Flight Data Recorders and Cockpit Voice Recorders (Black Boxes) have a limited amount of storage space available. In most aircraft the CVR has about 30 minutes and the FDR has about 30 hours. If they were left to record after a crash the vital data would be over-written.

The certification standards for these flight recorders require a means to remove power from them following a crash. This can be done in many different ways such as monitoring engine oil pressure etc.

Flight Recorders are not vital to flight. Don't confuse "required" equipment with "essential" equipment or "vital services". An aircraft will not crash if the flight recorders do not work. Electrical systems must all have a means to be disabled by the flightcrew in the event of a fault which can threaten continued safe flight. Even battery operated devices can pose a threat.

Transponders are also not vital to flight. As stated before the aircraft will still normally produce a "primary" return based soley on the ground radar reflection. Almost all airliners in US airspace use mode A/C/S transponders. If the transponder is disabled, only the identification code assigned by ATC, the aircraft pressure altitude, the unique mode s address (which identifies exactly which aircraft it is) and TCAS inter-aircraft data will be missing.

There are special codes flightcrew use to signal hijacking to ATC and additional inflight emergencies. These codes unfortunaely are not secret. Anyone with access to pretty much any civil airworthiness athority flight operations information can learn them.

 
delta-flyer
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RE: Transponders And Black Boxes

Thu Sep 20, 2001 1:05 pm

OK, we see what these devices do and how they work. Still, it would be useful if they could not be disabled from the cockpit. Pulling a breaker does not have to shut the black boxes off. They can be designed to continue on battery power, and turn themselves off when a the end of a flight is detected. Airplay mentions a couple of ways that can be done, I am sure we could find dozens more.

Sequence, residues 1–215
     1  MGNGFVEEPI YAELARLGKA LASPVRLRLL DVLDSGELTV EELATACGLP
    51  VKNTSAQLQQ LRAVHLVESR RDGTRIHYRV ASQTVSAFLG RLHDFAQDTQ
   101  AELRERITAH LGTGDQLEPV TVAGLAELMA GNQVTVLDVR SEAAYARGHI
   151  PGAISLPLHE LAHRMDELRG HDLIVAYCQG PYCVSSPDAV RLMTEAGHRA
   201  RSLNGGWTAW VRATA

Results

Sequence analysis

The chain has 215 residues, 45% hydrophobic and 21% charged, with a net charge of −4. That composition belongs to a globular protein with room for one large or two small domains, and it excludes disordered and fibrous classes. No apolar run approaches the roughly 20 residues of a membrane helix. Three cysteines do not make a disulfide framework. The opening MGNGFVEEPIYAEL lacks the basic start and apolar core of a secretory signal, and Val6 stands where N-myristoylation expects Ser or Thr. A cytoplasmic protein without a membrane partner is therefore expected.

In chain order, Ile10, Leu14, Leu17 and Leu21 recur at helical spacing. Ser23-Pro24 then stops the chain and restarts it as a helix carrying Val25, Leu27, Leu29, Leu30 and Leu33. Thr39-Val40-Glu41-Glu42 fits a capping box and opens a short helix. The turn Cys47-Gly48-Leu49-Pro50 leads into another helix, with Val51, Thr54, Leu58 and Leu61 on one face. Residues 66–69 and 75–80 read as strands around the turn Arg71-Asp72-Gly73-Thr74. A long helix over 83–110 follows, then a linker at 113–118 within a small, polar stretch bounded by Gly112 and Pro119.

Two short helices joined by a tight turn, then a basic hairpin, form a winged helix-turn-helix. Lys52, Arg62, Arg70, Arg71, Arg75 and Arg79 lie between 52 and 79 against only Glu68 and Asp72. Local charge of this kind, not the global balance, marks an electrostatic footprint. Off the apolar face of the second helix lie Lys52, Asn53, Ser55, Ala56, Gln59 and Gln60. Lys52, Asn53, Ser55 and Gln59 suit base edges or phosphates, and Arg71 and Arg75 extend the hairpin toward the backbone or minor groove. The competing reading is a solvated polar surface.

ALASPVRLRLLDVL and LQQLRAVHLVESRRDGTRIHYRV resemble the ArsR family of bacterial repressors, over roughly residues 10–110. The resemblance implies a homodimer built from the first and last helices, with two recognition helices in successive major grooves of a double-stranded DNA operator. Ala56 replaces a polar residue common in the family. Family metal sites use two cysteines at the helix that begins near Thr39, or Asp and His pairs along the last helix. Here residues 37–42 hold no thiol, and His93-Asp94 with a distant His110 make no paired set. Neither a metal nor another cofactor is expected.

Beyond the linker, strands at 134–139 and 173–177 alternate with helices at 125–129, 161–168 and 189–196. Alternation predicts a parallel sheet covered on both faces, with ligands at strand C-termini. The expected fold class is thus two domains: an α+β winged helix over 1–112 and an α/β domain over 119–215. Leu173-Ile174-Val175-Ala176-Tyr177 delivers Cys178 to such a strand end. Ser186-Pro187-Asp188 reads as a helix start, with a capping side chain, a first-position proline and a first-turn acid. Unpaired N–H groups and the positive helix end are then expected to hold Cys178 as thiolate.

Similarly, transponders can switch automatically in case of failures.

While these are not essential for safety of flight, they are useful for finding out what went wrong (black boxes) or what is about to go wrong (transponders). So what's wrong with this idea?

Cheers,
Pete
"In God we trust, everyone else bring data"
 
242
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RE: Transponders And Black Boxes

Thu Sep 20, 2001 1:15 pm

OK, we see what these devices do and how they work. Still, it would be useful if they could not be disabled from the cockpit. Pulling a breaker does not have to shut the black boxes off. They can be designed to continue on battery power, and turn themselves off when a the end of a flight is detected. Airplay mentions a couple of ways that can be done, I am sure we could find dozens more.

Similarly, transponders can switch automatically in case of failures.

While these are not essential for safety of flight, they are useful for finding out what went wrong (black boxes) or what is about to go wrong (transponders). So what's wrong with this idea?



I'm not so sure about the idea of a battery backup, but I'd be willing to bet that the location of the circuit breakers for the CVR/DFDR will be relocated to somewhere other than the flight deck.



 
avt007
Posts: 1989
Joined: Mon Jul 10, 2000 4:51 am

RE: Transponders And Black Boxes

Fri Sep 21, 2001 3:20 am

Once again, my point is, if one of these units fails, and produces large quantities of smoke (which they can) the crew has to be able to shut them off from the flight deck. Let's not create more problems in our attempts to
prevent future hijackings.
 
Seseal
Posts: 19
Joined: Mon Jul 31, 2000 2:52 am

RE: Transponders And Black Boxes

Fri Sep 21, 2001 11:09 pm

CVR AC and FDR AC and DC C/Bs are on P11 panel in the cockpit. Pull them and you disable both.

There is no internal/external battery backup neither for CVR no FDR.

These a/c were equipped with mode S xponders which give you a/c identification as well. Shut them and ATC have no idea of what is flying out there.

Seseal